August 4th, 2016
Imagine if Mozart had been so afraid of people’s reactions to his music, that he only ever played it for himself. Or if Shakespeare just got his kids to perform his plays, rather than open himself up to critique from the general public. I’m sure they had moments when they feared failure, but they didn’t allow it to stop them living creatively and sharing it with the world.
I recently read a book by Elizabeth Gilbert called Big Magic, which looked at how we can all live more creatively. Elizabeth dispels the myths that we all need to be tortured souls willing to sacrifice anything for our art. In fact, all we need is curiosity, courage, passion and the ability to overcome the too-often crippling fear of failure.
As a writer and internal communicator, I like to think of myself as creative – I’m certainly curious, passionate and I like to think I have courage. But I can say without a shadow of a doubt that I most definitely have a fear of failure. I think we all do, maybe to varying degrees, as no one likes the idea of falling flat on their face.
But recently there has been a definite shift in our industry towards embracing failure. While it might not feel great at the time, you will most definitely learn something from even the biggest failures. And as internal communicators, who also double up as storytellers, we know every great story has a hero that goes on a journey which includes obstacles that need to be overcome. It would be pretty dull if everything went smoothly all of the time (not to mention unrealistic).
In her book, Elizabeth talks about the central paradox – art is absolutely meaningless but is also deeply meaningful. Creativity has the ability to touch people and to do it well you need to believe that what you’re creating is truly meaningful. But unless you’re a journalist living in a war zone, it’s unlikely anyone’s going to die as a result of your creative output.
And that thought is truly freeing. Without fear, we’re free to create whatever our hearts desire. And the beauty of creativity is that it is subjective. I have very rarely understood the art that go on display as part of the Turner prize, yet to many they are masterpieces. I worship at the altar that is Shakespeare, but I know plenty of people who would rather watch paint dry than one of his plays.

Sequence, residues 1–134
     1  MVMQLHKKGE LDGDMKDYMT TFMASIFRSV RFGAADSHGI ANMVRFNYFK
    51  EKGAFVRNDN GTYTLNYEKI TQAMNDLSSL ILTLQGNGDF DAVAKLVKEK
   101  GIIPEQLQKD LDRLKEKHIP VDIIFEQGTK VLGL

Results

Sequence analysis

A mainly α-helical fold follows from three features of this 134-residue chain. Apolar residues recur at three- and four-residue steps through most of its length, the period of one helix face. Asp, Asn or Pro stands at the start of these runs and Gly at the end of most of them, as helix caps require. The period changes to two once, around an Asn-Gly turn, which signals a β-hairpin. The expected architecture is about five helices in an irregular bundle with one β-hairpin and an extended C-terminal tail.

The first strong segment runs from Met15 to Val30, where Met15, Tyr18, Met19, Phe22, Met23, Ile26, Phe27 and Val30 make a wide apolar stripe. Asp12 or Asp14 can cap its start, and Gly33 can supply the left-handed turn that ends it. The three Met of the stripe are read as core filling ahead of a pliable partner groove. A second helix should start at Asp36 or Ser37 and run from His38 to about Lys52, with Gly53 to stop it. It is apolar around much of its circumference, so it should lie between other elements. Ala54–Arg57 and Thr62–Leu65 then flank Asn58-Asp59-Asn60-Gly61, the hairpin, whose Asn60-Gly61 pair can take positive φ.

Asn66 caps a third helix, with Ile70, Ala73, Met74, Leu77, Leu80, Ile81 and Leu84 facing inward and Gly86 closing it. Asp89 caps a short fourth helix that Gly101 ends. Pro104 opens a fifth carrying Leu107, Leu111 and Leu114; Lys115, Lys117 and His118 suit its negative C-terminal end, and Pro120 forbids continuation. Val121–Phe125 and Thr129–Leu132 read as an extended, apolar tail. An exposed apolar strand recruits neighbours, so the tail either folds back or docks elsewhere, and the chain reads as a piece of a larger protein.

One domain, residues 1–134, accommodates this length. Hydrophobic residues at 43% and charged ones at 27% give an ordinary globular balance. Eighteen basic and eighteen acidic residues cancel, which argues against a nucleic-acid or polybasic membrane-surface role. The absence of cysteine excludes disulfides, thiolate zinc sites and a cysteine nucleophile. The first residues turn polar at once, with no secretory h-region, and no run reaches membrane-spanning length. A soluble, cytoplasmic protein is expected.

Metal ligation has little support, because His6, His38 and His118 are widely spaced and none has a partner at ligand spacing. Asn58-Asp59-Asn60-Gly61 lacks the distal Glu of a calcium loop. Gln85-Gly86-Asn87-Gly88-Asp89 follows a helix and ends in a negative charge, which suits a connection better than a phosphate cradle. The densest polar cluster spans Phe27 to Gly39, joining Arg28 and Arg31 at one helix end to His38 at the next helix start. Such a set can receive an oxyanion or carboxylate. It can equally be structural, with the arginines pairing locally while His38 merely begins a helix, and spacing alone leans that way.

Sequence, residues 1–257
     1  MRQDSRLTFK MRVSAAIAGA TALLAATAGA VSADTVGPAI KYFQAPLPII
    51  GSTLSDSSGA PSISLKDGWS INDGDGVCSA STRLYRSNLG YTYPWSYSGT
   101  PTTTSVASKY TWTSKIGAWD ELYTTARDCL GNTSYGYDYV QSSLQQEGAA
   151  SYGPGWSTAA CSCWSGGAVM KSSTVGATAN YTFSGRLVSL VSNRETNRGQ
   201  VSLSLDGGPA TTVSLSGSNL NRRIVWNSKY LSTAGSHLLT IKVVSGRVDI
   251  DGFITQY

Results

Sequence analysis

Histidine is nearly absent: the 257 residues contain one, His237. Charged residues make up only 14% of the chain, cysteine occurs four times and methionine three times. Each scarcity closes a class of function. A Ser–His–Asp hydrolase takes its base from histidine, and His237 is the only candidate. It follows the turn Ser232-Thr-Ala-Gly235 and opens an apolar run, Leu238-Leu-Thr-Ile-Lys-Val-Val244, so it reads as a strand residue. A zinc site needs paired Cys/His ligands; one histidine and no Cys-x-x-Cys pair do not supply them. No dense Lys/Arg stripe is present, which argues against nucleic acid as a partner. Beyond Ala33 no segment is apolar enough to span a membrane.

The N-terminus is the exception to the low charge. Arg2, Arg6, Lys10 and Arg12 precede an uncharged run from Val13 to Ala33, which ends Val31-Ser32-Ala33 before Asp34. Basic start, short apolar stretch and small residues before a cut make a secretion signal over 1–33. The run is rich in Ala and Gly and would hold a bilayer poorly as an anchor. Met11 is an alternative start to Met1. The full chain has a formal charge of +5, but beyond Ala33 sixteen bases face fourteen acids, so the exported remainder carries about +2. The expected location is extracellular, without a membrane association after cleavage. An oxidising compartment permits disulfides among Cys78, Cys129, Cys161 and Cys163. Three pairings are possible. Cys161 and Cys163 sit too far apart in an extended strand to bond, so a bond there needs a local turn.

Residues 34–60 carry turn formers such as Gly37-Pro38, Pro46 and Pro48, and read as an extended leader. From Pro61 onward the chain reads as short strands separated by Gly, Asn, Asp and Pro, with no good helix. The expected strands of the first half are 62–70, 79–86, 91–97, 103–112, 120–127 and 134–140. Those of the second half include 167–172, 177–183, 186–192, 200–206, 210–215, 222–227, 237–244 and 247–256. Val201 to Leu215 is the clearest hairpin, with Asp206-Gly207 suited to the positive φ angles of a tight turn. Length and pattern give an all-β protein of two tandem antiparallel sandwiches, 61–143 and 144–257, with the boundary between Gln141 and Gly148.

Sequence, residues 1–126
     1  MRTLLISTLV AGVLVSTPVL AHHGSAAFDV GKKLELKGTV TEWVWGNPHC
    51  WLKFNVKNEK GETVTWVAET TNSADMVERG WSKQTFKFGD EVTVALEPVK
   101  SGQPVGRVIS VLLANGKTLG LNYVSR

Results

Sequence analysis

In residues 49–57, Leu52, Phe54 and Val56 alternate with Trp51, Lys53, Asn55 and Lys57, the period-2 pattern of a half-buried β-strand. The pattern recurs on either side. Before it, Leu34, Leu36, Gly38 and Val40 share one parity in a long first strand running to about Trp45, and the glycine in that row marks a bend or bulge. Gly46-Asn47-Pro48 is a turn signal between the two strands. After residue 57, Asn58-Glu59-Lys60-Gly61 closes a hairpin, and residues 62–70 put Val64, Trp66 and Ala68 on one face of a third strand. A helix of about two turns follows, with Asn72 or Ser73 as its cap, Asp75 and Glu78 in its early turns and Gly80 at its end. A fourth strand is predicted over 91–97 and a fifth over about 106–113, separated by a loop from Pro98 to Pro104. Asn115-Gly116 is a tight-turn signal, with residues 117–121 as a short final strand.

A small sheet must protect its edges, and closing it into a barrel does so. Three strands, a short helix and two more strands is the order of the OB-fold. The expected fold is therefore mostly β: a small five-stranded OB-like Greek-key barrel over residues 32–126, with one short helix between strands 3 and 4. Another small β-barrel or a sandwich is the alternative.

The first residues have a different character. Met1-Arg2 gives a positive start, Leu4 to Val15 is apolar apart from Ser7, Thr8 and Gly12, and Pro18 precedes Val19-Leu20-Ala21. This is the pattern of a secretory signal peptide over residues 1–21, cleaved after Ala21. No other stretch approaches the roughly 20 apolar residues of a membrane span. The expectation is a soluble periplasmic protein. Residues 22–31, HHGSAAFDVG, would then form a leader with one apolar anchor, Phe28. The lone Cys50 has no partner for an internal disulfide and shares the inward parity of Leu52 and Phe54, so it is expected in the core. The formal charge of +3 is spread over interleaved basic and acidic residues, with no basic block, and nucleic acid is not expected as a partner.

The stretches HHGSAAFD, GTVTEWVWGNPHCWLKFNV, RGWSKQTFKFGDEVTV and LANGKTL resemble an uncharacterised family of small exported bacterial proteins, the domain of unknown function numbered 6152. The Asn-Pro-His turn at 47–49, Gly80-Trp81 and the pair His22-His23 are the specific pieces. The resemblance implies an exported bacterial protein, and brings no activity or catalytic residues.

Elizabeth goes on to say that it’s also ok, if you don’t want to share your creativity with the world – if you’re doing it for your own satisfaction, that’s great. But if you’re dying to show someone the fruits of your hard labour, don’t let fear of failure, stop you.
This got me thinking about how we handle failure in our organisations and my own experiences. In internal communications, we often talk about authenticity, honesty and the human element, but how many of us truly lay all our cards on the table, or encourage those we support to do the same?
In my last in-house role, I managed a 19-year-old apprentice with little experience in the workplace. She was eager to learn and worked extremely hard, but inevitably mistakes were made, as you would expect of someone just starting out.
However, one mistake in particular really bothered her. It happened on a Friday and I told her that mistakes are fine as long as you learn from them, but I could tell she wasn’t convinced. When I came into work on the Monday, it was obvious she still wasn’t right, and took her into a meeting room where she confessed that she has been worrying all weekend about the mistake.
I was mortified and nothing I said seemed to convince her that we’re all human, and we all make mistakes. So, I asked the rest of the team to share on our ESN platform, times in their careers when they failed and what they learnt.
The team really stepped up and shared some of their most epic failures – which at the time must have felt like the end of the world, but with hindsight (and a career still in tact) were pretty hilarious. Not only did the apprentice laugh a lot, but she immediately believed me then, that everyone fails and it’s very rarely the end of the world.
As a team, we also learnt things about each other we didn’t know, such as previous roles or expertise so it was also a good bonding experience.
Now, imagine the impact it would have if a CEO shared a genuine failure with employees and then encouraged people to embrace their own failures. Once you take away the fear of failing, people are free to be more creative and open about their ideas and who knows where that could lead….
And in the interests of being open about failure, the one I shared with my old team was that in my first job out of university, I worked at a conveyancing firm and managed the legal process of people’s house moves (all overseen by a lawyer of course!). For one particular client, I forgot to order the funds from the bank, which would have meant we couldn’t complete on the sale, and at best the company and the client would have been fined and at worst the whole chain could have collapsed. Luckily, a colleague picked up the error just in time. It was a truly gut-twisting experience but it certainly taught me a lesson about organisation and always double checking your work.